OBJECTIVE: To study the efficacy of 5 minutes of mindful breathing (MB) for rapid reduction of distress in a palliative setting. Its effect to the physiological changes of the palliative cancer patients was also examined.
METHODS: This is a randomized controlled trial. Sixty palliative cancer patients were recruited. They were randomly assigned to either 5 minutes of MB or normal listening arms. The changes of perceived distress, blood pressure, pulse rate, breathing rate, galvanic skin response, and skin surface temperature of the patients were measured at baseline, after intervention, and 10 minutes post-intervention.
RESULTS: There was significant reduction of perceived distress, blood pressure, pulse rate, breathing rate, and galvanic skin response; also, significant increment of skin surface temperature in the 5-minute MB group. The changes in the 5-minute breathing group were significantly higher than the normal listening group.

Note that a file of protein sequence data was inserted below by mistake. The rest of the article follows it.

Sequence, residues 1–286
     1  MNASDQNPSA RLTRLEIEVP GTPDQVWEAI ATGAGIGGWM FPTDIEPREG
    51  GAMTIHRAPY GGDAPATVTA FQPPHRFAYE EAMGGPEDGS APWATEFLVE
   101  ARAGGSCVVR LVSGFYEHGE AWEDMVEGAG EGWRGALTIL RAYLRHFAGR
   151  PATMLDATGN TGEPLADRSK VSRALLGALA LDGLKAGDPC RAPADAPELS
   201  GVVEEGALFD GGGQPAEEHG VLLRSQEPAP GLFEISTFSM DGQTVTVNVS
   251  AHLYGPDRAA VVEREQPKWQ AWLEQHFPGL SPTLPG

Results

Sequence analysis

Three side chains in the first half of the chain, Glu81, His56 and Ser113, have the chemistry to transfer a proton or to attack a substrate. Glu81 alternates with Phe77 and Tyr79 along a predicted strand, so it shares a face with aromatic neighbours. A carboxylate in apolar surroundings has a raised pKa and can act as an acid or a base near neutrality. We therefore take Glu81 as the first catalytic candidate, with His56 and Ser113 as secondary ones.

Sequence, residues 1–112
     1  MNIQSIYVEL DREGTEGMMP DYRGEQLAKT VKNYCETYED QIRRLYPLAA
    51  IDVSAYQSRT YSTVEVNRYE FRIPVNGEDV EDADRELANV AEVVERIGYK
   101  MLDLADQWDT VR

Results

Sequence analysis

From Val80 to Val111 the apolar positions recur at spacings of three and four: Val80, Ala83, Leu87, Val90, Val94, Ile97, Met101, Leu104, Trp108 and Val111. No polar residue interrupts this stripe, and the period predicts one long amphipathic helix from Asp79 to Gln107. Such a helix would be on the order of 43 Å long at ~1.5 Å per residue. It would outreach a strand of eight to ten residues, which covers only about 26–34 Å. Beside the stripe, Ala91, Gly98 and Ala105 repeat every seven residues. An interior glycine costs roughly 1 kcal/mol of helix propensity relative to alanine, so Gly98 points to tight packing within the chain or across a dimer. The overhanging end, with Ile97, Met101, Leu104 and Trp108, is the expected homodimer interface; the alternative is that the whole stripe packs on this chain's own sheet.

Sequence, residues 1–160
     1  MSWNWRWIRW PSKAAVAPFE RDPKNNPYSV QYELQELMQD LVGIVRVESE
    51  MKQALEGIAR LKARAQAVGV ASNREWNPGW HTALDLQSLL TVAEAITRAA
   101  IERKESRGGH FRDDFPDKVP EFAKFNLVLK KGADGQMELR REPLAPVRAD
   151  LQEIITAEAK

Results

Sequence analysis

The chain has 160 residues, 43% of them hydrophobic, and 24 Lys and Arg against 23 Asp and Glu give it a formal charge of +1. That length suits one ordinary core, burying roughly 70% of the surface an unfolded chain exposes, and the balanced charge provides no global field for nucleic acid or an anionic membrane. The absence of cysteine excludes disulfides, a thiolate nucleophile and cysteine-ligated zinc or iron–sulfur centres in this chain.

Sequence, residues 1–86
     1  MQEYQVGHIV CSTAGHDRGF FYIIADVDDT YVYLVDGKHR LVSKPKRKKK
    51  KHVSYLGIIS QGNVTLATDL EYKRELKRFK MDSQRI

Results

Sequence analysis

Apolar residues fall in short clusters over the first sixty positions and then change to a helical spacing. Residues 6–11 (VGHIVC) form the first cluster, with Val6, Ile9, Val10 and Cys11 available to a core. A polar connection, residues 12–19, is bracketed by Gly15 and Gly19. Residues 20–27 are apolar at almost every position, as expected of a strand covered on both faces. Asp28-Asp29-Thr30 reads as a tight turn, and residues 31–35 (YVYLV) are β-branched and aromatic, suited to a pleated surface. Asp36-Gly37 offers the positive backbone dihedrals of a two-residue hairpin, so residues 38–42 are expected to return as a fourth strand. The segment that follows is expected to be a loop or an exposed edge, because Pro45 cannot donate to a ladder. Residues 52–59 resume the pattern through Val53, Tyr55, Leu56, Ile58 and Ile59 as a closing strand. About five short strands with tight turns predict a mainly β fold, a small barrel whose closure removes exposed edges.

CONCLUSION: Five-minute MB is a quick, easy to administer, and effective therapy for rapid reduction of distress in palliative setting. There is a need for future study to establish the long-term efficacy of the therapy.
OBJECTIVE: To understand the psychological processes involved in the experiencing of suffering at the end phase of life.
METHODS: Semistructured interviews were conducted with 20 palliative care inpatients from an academic medical centre in Kuala Lumpur, Malaysia. The transcripts were thematically analysed with NVIVO9.
RESULTS: 5 themes of psychological processes of suffering were generated: (1) perceptions, (2) cognitive appraisals, (3) hope and the struggles with acceptance, (4) emotions and (5) clinging. A model of suffering formation was constructed.
CONCLUSION: The findings may inform the development of mechanism-based interventions in the palliation of suffering.